Mass Sawfish Death

Demand an Investigation into Mass Sawfish Death

Demand Government investigate how 46 endangered sawfish became trapped and died in drying-out pools on the Fitzroy floodplain. Also to explain the decision to withhold the news of the mass death from the media & community!

    Dear Minister Kelly,

    I am deeply concerned about plans for taking water from the National Heritage Listed Fitzroy River for irrigated agriculture.  The sensitive environment of the river cannot handle the reduced water flows and increased pollution that irrigation would cause.  Establishing a new irrigation industry on the Fitzroy River would lead to a Murray-Darling style disaster for communities, endangered wildlife and the National Heritage cultural values of the river.

    My concerns were increased when I learned about the mass death of critically endangered sawfish on Gina Rinehart's Liveringa Station this December.  Sawfish are critically endangered having disappeared from over 70% of their global range, and the Fitzroy River is their last stronghold and crucial for their survival. They are fully protected under a number of Australian and Western Australian laws. 

    Liveringa Station is the only station on the river where water is being taken for irrigation and the sawfish died upstream from this irrigation infrastructure. Scientists involved in the rescue noted that it was not clear why these sawfish has become trapped on the floodplain instead of migrating back to the river as the water receded for the dry season, and yet no investigation has been undertaken to understand why the sawfish were trapped and how this could be avoided in the future.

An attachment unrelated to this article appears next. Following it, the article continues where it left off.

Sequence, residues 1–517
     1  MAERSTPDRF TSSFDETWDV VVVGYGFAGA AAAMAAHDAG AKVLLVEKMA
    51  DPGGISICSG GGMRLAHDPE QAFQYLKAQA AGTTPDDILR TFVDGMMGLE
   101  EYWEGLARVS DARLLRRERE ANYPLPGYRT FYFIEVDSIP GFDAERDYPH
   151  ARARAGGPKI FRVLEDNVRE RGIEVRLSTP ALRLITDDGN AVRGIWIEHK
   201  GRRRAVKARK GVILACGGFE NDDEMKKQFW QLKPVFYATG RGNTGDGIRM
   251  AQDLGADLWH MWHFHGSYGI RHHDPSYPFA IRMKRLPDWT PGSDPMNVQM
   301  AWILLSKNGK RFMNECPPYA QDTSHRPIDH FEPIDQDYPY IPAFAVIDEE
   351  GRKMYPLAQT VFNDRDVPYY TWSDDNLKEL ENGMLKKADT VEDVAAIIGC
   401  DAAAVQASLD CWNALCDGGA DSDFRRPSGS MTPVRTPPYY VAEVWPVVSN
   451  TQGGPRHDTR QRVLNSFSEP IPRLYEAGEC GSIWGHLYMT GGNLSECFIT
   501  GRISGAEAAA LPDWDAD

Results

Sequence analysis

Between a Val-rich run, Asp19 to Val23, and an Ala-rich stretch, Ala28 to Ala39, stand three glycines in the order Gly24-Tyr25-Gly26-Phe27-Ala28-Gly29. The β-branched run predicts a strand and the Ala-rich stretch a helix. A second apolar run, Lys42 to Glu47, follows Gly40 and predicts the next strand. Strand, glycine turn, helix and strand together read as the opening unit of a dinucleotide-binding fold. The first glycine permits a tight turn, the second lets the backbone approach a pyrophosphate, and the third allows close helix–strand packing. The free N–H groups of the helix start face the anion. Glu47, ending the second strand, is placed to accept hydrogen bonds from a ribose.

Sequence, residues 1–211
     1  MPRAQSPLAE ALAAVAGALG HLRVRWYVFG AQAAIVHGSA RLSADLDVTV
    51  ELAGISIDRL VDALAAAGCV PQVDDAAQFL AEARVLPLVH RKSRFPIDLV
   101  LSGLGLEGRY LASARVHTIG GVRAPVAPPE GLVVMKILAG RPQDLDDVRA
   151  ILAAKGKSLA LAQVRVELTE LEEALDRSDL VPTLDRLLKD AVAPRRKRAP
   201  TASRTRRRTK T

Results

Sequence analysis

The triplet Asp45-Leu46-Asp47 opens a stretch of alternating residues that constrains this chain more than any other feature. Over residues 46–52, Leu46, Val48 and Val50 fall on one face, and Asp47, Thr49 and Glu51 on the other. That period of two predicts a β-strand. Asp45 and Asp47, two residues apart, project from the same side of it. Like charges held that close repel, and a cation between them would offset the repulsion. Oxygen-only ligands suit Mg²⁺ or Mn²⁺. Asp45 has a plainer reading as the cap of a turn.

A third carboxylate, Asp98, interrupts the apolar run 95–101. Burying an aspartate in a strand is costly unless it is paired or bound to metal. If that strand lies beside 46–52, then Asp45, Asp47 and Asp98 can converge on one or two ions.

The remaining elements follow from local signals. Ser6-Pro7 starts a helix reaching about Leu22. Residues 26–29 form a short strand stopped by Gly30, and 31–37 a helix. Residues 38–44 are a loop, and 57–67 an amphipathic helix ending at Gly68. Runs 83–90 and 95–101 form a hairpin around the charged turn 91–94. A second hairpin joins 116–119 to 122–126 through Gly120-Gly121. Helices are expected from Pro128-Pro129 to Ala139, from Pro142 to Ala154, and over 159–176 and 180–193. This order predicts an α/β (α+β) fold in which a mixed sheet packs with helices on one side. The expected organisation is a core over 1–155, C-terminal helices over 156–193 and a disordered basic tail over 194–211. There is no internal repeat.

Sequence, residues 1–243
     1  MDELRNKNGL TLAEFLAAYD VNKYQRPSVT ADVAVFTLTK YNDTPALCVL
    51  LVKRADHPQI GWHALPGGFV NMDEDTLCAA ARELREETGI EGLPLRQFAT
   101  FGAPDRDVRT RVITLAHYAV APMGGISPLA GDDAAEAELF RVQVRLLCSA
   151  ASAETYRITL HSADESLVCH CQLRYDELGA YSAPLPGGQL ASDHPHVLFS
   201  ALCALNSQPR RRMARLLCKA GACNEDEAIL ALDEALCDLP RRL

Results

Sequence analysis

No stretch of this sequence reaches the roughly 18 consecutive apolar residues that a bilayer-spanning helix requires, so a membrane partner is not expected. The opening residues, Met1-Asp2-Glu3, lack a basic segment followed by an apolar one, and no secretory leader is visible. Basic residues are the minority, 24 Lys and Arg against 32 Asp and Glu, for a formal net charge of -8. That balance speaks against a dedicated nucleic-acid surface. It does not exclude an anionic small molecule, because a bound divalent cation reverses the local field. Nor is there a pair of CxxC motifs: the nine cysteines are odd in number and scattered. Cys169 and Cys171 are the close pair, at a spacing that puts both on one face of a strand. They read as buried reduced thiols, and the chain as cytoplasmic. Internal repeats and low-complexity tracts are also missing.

I was further shocked to discover that Government decided to withhold news of these deaths from the community, despite officials noting in the FOI documents that exposed the incident that it would be of global interest.  

    I call on you to investigate how these deaths happened and how further plans to modify the Fitzroy River for irrigation would impact on sawfish and other endangered species.

    Sustainable economic development in the Fitzroy is important but it is outdated to think that such development must come at the expense of the environment. A recent report by the University of South Australia showed that substantial economic development and job creation including niche agriculture is possible whilst also protecting the river and that such an approach would create more jobs than irrigation. The river is an outstanding national asset, we can’t afford to get this wrong. I would appreciate you letting me know what your plans are on this matter.

    Yours sincerely,
    [Your name will be automatically added]

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    TIPS FOR YOUR MESSAGE:

    • Forty-six critically endangered sawfish died last December on Liveringa Pastoral Station near the Fitzroy River.

    • Documents obtained under Freedom of Information show that Government officials chose not to make these deaths known to the public.

    • The Fitzroy River is recognised as the world's last remaining stronghold for freshwater sawfish, which are globally listed as Critically Endangered. Sawfish are also totally protected under both WA State and Federal legislation. The Fitzroy River nursery is likely to be crucial to the long term survival of the species.

    • The sawfish died after becoming trapped in drying out pools on the Blina floodplain on Liveringa Station. Blina floodplain is connected to the Fitzroy River through Snake Creek, a tributary that has been modified for access roads and to allow pumping of between 1 and 2 billion litres of water for irrigation. This is the only water that is currently allowed to be taken from the river.

    • An incident report on the sawfish death event highlights that it is not clear why the sawfish became trapped on the floodplain.

    • An independent investigation is needed to provide transparency on why the sawfish became trapped on the floodplain, on the implications of modifying and extracting water from Snake Creek for sawfish, and on the Government decision not to make these deaths public. 

    • The investigation is more urgent than ever with the current debate on the future of the Fitzroy River.  Liveringa Station owner Gina Rinehart has called for some 300 billion litres of water from the river to be taken for irrigation. This would be 150-300 times more water than is currently taken from the Fitzroy River at Snake Creek.

    • Call on the Water Minister to properly investigate the endangered species deaths.

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